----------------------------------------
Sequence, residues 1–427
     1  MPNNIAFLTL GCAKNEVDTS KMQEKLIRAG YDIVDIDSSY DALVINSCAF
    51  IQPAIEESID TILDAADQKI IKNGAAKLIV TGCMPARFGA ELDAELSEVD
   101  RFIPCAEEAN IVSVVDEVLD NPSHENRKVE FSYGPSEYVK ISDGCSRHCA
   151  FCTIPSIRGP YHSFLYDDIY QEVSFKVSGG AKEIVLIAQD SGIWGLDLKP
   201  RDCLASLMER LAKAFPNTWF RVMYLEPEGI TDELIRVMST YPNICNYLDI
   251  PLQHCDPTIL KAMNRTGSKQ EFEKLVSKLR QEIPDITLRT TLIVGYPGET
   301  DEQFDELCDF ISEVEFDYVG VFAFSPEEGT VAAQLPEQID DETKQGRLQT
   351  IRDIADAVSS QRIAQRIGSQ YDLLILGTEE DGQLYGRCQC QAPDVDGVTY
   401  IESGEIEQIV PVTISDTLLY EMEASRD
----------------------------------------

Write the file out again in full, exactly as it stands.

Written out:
Sequence, residues 1–427
     1  MPNNIAFLTL GCAKNEVDTS KMQEKLIRAG YDIVDIDSSY DALVINSCAF
    51  IQPAIEESID TILDAADQKI IKNGAAKLIV TGCMPARFGA ELDAELSEVD
   101  RFIPCAEEAN IVSVVDEVLD NPSHENRKVE FSYGPSEYVK ISDGCSRHCA
   151  FCTIPSIRGP YHSFLYDDIY QEVSFKVSGG AKEIVLIAQD SGIWGLDLKP
   201  RDCLASLMER LAKAFPNTWF RVMYLEPEGI TDELIRVMST YPNICNYLDI
   251  PLQHCDPTIL KAMNRTGSKQ EFEKLVSKLR QEIPDITLRT TLIVGYPGET
   301  DEQFDELCDF ISEVEFDYVG VFAFSPEEGT VAAQLPEQID DETKQGRLQT
   351  IRDIADAVSS QRIAQRIGSQ YDLLILGTEE DGQLYGRCQC QAPDVDGVTY
   401  IESGEIEQIV PVTISDTLLY EMEASRD